Fire­fight­ers un­der pres­sure

Augusta Margaret River Times - - Front Page - Warren Hately

Vol­un­teer fire­fight­ers are fac­ing ever-in­creas­ing work­loads, with the re­gion’s brigades fresh from a month of hec­tic ac­tion which in­cluded hos­ing down es­caped pri­vate burn-offs and a re­lief mis­sion to Al­bany while try­ing to re­duce lo­cal fuel loads.

Brigades were un­der pres­sure last week as strong winds turned some con­trolled burns into emer- gen­cies, with a wor­ry­ing num­ber of es­caped fires blamed on ab­sen­tee landown­ers who left the re­gion with­out mon­i­tor­ing their burnoffs.

Stretched brigades were also dili­gently try­ing to meet Shire fu­elre­duc­tion tar­gets. Some fireys voiced pri­vate con­cerns at mount­ing ex­pec­ta­tions on the vol­un­teer work­force and the work­load po­ten­tially dis­cour­ag­ing new re­cruits.

Dur­ing a coun­cil brief­ing last week, Shire com­mu­nity emer­gency ser­vices co-or­di­na­tor Chris Lloyd said vol­un­teers help­ing meet tar­gets was “a chal­lenge we’re go­ing to have to work through”.

The Shire’s re­cently up­dated Bush­fire Risk Man­age­ment Plan has found 32 per cent of 9500 as­sets in the re­gion were classed as “very high” bush­fire risks and 12 per cent were rated “ex­treme”.

“Nearly half of the as­sets in our shire is at high or very high risk of bush­fire,” Mr Lloyd said, not­ing the statis­tics were “alarm­ing”.

Cowaramup had now over­taken Au­gusta in terms of growth, and fuel mit­i­ga­tion was es­sen­tial, he said. Shire coun­cil­lor and Cowaramup Vol­un­teer Bush­fire Bri­gade fire con­trol of­fi­cer Ian Earl ac­knowl­edged vol­un­teers were un­der pres­sure, and thanked em­ploy­ers help­ing sup­port mit­i­ga­tion ef­forts by al­low­ing staff time to re­spond to emer­gen­cies.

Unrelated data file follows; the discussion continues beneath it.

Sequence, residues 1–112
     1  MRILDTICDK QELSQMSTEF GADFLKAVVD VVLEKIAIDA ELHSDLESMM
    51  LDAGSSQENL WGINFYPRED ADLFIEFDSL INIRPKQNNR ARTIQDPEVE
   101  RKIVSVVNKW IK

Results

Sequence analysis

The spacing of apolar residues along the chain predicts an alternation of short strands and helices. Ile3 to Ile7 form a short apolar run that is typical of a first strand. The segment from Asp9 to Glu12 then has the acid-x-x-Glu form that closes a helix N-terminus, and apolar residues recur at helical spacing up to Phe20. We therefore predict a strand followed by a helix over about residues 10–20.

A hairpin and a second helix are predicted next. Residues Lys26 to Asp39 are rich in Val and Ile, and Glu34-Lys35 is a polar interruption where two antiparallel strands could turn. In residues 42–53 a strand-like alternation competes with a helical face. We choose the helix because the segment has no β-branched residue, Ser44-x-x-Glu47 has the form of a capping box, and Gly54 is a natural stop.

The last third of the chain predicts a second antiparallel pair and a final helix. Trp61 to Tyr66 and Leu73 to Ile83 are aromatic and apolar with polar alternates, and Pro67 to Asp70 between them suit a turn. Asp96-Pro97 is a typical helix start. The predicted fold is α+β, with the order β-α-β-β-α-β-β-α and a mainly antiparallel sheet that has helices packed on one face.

Al­though he de­fended the burn­ing sched­ule — say­ing last week “we’re fall­ing a year be­hind (sched­ule) ev­ery year” — Cr Earl said the Shire would even­tu­ally have to find a bet­ter so­lu­tion than reliance on a vol­un­teer work­force.

“The vol­un­teers are prob­a­bly happy enough pro­vid­ing re­sponse for most of the burn-offs that are go­ing on, but when there’s all th­ese

es­caped burns, it’s get­ting silly,” he told the Times. Re­spond­ing to ques­tions about re­gional vol­un­teers car­ry­ing out un­paid work, Emer­gency Ser­vices Min­is­ter Fran Lo­gan said vol­un­teers were not “ex­pected” to carry out mit­i­ga­tion.

“They are vol­un­teers, but if they have the time needed, and want to take part to help com­mu­nity safety or for train­ing op­por­tu­ni­ties, then they would be warmly wel­comed,” he said.

“I would ex­pect that lo­cal gov­ern­ments work closely with their bush­fire brigades on their mit­i­ga­tion ac­tiv­i­ties.” Should re­gional vol­un­teers be paid for mit­i­ga­tion work? Send let­ters to edi­tor@am­r­

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